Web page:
We need an anchor in our lives in the face of all the uncertainty and chaos in the third wave of pandemic
As the reported confirmed cases of COVID-19 reached record high this week in Hong Kong, there is still no sign of the pandemic being in control. Many people in the workforce are facing another wave of work from home. A lot of business and social activities are cancelled in the coming few weeks. The upgrade of dining restrictions also caused a lot of disturbance in people’s routine. Collective panic is developing in the city since many of us are facing enormous uncertainty and feeling tremendous insecurity inside. It is of paramount importance for us to know how to cope with this unpredictable circumstance with composure.
We may be busy with upkeeping our access to the most updated news and measures in the face of this pandemic daily. Our external focus of all these daily happenings may cause us to feel anxious and confused persistently. Our peace of mind disappears and we become out of focus. In the face of these radical uncertainties, we need to find our anchor in our life to help us stay focus and reclaim tranquility. In fact, our anchor is not something we need to acquire externally. It is coming from within ourselves.
To reclaim the tranquility within ourselves, we need to find a shelter for rest and recharge our energy. Instead of focusing externally, we need to turn our focus inward to get in touch with our inner feelings and sensations. Different brain regions are activated when we pay out attention outward or inward. When we are attending to external stimulus, such as paying attention to work, our prefrontal cortex is activated. When we turn our attention inward to notice our bodily sensations or inner feelings, our insula and posterior cingulate cortex are activated.
When we feel anxious and confused, we may be preoccupied with our worries and anxious predictions of our future. This state of mind usually involves the prefrontal cortex. If we bring our awareness to our internal world, we activated the insula and the posterior cingulate cortex. In this way, we can get in touch with our internal world. With this interoceptive awareness, we can be more detached with our ruminations. When we get in touch with our inner feelings and sensations, these feelings and sensations may gradually subside. As a result, we can reclaim our calmness and tranquility.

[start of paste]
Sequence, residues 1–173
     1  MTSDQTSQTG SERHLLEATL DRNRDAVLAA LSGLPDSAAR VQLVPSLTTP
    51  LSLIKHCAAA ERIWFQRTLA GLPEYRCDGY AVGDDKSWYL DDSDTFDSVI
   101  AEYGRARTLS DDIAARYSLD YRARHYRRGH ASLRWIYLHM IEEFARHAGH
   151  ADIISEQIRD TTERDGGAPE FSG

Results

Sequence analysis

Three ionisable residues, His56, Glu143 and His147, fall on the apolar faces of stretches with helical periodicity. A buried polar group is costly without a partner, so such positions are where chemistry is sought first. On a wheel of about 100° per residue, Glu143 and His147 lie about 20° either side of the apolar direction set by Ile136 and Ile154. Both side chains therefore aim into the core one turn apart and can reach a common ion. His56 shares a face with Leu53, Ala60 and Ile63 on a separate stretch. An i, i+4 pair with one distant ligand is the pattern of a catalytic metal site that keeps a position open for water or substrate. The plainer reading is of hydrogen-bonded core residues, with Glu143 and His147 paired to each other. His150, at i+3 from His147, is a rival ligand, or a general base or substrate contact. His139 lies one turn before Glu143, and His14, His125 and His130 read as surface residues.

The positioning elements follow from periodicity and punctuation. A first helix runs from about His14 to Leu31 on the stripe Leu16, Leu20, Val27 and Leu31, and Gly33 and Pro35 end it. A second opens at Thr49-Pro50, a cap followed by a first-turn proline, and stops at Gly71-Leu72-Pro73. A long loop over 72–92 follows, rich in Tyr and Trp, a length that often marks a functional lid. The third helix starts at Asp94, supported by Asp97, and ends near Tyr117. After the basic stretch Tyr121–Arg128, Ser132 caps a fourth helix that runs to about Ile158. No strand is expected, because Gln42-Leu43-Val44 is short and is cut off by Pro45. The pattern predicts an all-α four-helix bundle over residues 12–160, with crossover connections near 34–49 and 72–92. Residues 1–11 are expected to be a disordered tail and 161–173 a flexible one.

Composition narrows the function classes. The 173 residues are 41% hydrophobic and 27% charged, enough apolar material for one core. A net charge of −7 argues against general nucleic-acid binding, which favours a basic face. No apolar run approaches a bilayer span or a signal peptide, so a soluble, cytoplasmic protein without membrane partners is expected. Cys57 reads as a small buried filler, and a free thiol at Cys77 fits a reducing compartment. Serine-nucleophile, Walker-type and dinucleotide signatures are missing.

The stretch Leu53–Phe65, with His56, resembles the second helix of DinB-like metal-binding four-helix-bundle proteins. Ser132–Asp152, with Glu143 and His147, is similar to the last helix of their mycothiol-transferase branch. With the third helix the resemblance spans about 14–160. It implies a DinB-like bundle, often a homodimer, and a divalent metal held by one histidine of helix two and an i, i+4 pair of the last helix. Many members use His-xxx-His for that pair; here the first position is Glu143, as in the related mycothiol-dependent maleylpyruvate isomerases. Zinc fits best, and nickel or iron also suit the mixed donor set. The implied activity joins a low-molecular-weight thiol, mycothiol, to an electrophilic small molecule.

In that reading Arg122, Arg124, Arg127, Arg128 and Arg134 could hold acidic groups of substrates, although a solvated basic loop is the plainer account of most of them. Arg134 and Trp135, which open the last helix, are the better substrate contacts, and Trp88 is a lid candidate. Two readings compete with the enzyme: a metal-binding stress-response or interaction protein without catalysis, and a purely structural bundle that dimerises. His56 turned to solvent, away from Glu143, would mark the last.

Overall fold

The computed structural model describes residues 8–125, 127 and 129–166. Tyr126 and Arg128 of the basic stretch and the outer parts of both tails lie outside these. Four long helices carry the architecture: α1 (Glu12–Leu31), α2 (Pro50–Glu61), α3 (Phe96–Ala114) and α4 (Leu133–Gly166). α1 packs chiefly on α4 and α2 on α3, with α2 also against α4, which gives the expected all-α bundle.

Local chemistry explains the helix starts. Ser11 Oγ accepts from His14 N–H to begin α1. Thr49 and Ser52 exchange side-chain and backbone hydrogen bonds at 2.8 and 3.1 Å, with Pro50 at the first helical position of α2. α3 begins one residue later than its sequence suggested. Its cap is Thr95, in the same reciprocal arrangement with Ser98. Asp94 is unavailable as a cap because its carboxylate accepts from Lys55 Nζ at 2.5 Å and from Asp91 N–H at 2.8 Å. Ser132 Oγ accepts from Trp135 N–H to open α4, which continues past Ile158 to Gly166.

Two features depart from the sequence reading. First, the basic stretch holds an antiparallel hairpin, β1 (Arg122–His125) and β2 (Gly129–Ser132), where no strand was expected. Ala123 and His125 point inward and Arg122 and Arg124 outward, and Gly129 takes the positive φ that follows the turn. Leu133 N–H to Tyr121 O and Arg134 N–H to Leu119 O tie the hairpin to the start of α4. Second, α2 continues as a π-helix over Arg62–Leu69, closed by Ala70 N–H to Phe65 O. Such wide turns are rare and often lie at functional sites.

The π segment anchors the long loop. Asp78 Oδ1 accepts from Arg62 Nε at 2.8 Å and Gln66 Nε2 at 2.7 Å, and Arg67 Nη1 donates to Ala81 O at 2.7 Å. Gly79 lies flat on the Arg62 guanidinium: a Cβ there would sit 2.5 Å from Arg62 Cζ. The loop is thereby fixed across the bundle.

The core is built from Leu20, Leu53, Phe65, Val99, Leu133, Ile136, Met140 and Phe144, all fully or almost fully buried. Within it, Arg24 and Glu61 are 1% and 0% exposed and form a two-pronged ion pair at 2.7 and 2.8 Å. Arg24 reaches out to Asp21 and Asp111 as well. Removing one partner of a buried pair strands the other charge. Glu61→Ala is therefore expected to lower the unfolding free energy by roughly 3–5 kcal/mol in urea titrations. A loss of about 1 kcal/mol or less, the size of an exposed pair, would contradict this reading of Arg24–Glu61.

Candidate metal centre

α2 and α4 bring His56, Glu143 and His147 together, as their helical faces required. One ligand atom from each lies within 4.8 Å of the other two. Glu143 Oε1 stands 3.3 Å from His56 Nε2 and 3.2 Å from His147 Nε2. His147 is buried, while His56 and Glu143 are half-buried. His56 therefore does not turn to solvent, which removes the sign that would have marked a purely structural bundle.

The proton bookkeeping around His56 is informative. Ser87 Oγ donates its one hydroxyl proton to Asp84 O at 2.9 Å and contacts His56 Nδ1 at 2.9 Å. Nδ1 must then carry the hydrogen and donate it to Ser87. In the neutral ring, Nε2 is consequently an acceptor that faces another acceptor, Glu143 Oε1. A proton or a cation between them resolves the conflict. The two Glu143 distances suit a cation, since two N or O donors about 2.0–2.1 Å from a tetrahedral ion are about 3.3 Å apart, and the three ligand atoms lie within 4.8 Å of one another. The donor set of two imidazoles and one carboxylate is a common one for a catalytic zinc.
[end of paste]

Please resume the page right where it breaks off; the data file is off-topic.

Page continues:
Here are some practical strategies for us to find our anchor:
First, we may practice mindfulness exercises daily to bring our attention and awareness inward. There are both formal and informal mindfulness practice. Sitting meditation, body scan, mindful walking are some of the formal mindfulness exercises. We may also practice mindfulness informally, such as bringing our awareness to the sensations of brushing our teeth.
Second, we may find our anchor in life through a routine. For those who work from home, living according to a routine may help us to find our anchor because we know our direction in life. No matter what happens in our lives, we follow our routine. This helps us feel less unsettled and confused as we know what we are going to do in the moment.
Third, when we are in our shelter during quarantine or work from home, we may engage in self-reflection regularly. It is beneficial if we can turn our focus inward and reflect through journaling. In this process, we may have more clarity on our personal values and life direction. This is the anchor from within ourselves.
Last but not least, we may try to engage more in pleasurable and enjoyable activities, such as painting or cooking. Through these activities, we turn our focus inward to our present moment experiences in these activities. This is a good way to recharge our energy and help us to reclaim our calmness and tranquility.